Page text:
five times (she claims this is her last voyage because her
legs are not as strong as they used to be). Everybody knows
Nancy and loves her. Today was her 80th birthday and our group
of Life Long Learners surprised her with a party. To celebrate
we booked the special dining room for their $25.00 per person,
five-course, a la carte menu. We invited the Dean to attend
All the waiters took special care in setting up the tables
(white tablecloths, etc.) because they, especially, love Nancy.
They call her, Madame Nancy. When she comes in for breakfast
they automatically bring her her juice and coffee exactly
as she likes it. In fact, they are at her service for whatever
she needs whenever she needs it. I think Nancy came on board
with three steamer trunks because she has a different t-shirt
or blouse for every single day -- each one appropriate for
the country and culture we happen to be visiting. She calls
herself a party girl. For the Captain's Dinner she wore a
long white beaded gown and she came into the dining room on
the Captain's arm. You'd think that with all this attention
she'd be a bit demanding. Not at all. She never has a cross
word for anybody, if you give her a gift she writes a thank-you
note immediately, and she told me that she goes to sleep thinking
about the nicest things that happened to her that day. Anyway,
back to Nancy's birthday. The food was wonderful (shrimp cocktail,
Caeser salad, filet in peppercorn sauce, etc.), wine and ice
cream birthday cake. Nancy was dressed in a short skirt and
sleeveless top -- clothes I can't even wear and she looked
great. When the party was over, one of the waiters walked
'Madame Nancy' back to her cabin. A lovely evening and I really
'do' want to be like her when I grow up!
The birthday girl
She's greeted by the
Holding back the tears...
Making a wish...
Happy birthday dear
A card from the crew...
8 -- Sea Olympics are Fabulous!
have been working on a Sea Olympics Committee for the last
month. The all day event was supposed to be held the day after
we left South Africa but the captain advised us that the seas
would be too rough and he was afraid that people would get
hurt doing challenges like tug-of-war and volleyball (yes,
we have a volleyball court, too). So, today was the big day.
What a hoot. The students were divided into teams based on
where they live on the ship. Each of the teams was named after
a sea. The staff, faculty and LLL's made up one team and because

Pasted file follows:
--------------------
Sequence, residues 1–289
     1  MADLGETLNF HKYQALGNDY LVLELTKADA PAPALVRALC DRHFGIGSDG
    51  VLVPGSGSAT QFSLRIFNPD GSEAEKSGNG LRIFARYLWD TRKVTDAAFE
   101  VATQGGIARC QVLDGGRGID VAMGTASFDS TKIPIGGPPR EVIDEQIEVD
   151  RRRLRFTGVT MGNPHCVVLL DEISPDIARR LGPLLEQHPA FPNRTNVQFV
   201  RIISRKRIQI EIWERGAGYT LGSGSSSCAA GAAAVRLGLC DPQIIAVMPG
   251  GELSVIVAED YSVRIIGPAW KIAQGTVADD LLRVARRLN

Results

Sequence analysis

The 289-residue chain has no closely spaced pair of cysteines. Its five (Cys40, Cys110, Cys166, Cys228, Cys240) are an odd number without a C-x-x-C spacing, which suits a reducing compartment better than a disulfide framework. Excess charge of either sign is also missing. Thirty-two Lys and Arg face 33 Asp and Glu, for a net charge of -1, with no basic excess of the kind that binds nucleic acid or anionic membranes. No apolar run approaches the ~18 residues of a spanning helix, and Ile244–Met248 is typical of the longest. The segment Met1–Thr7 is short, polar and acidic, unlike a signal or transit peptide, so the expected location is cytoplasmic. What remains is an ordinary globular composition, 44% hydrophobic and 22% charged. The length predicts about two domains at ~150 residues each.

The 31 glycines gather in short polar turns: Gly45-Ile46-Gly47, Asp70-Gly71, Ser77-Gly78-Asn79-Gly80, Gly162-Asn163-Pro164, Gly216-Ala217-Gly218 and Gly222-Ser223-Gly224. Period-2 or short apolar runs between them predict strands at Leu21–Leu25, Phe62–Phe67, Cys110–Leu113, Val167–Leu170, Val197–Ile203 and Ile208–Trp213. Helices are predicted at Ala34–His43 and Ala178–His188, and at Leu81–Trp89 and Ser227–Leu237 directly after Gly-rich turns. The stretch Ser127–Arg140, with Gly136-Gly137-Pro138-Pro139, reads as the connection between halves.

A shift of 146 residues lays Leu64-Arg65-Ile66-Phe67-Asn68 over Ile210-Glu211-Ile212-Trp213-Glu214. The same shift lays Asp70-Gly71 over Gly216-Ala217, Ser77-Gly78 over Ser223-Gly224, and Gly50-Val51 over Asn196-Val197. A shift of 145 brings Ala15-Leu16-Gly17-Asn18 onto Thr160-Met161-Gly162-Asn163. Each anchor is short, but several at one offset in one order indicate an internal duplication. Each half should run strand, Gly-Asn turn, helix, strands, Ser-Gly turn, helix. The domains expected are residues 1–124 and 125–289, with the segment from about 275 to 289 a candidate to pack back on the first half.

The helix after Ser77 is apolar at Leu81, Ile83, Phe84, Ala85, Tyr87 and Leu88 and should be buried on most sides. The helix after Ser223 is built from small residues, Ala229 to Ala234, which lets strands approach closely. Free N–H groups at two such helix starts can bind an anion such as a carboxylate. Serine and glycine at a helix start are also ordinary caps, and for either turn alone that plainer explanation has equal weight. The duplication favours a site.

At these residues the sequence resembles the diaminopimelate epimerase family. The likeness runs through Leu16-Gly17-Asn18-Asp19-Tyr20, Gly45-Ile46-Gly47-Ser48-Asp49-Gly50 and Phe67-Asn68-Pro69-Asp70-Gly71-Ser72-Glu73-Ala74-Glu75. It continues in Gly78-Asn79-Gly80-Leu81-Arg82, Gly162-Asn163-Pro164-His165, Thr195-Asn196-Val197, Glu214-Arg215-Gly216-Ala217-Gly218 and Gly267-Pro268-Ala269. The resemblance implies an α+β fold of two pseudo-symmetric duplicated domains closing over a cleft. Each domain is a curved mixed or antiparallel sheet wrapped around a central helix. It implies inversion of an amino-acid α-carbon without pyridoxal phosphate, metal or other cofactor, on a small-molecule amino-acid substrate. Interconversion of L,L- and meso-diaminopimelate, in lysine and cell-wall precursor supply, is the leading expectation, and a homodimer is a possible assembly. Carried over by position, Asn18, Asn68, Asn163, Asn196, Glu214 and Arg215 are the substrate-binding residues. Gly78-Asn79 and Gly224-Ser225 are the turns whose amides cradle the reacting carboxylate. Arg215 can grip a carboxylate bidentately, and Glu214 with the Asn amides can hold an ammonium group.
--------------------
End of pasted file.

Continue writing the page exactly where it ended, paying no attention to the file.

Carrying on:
we are the oldies we called ourselves the Silver Seas. Imagine
us competing against 22 and 23 year olds. You can't, right?
We knew we didn't stand a chance at things like the pie eating
contest and dodge-ball so we concentrated on things where
age didn't matter. We had a gorgeous banner and we won GOLD
for that. Our cheer was mild in comparison to the shouting,
stamping kids but we all dressed exactly the same and we won
BRONZE in that event. Scrabble was GOLD, ditto for ping pong,
etc. All in all we came in sixth in a field of 10. As the
MC said when announcing results, 'They may be old but they're
not dead yet.' (small consolation, right?). What is funny
is that even in sixth place we won the most golds of the day
so we really aren't dead yet! Other events included mashed
potato sculptures, toilet paper fashion show (dressing a model
using only toilet paper), synchronized swimming (our team
included the doctor and they used crutches to do their formations)
plus a scavenger hunt where you photograph the items in as
clever a way as possible rather than collect the articles
themselves (I was in that event and we got bronze for our
efforts). All in all it was a great way to let off some steam.
We cross the equator tonight and we're now two days away from
Last night I watched the cooperative team work in our Silver
Sea and in the other teams and it made me think that it's
only been 45 days since we came together as strangers. Now
very pleasant friendships have been formed. For the students
I'm sure that the friendships developed over these 108 days
will play an important role for the rest of their lives.
We had to find twins
for the Scavenger Hunt
Pregnant woman dressed
in toilet paper
The Caribbean Sea
Mashed potato sculpture
Silver Sea banner wins
The Sea Olympic winners
End of Weeks
Five and Six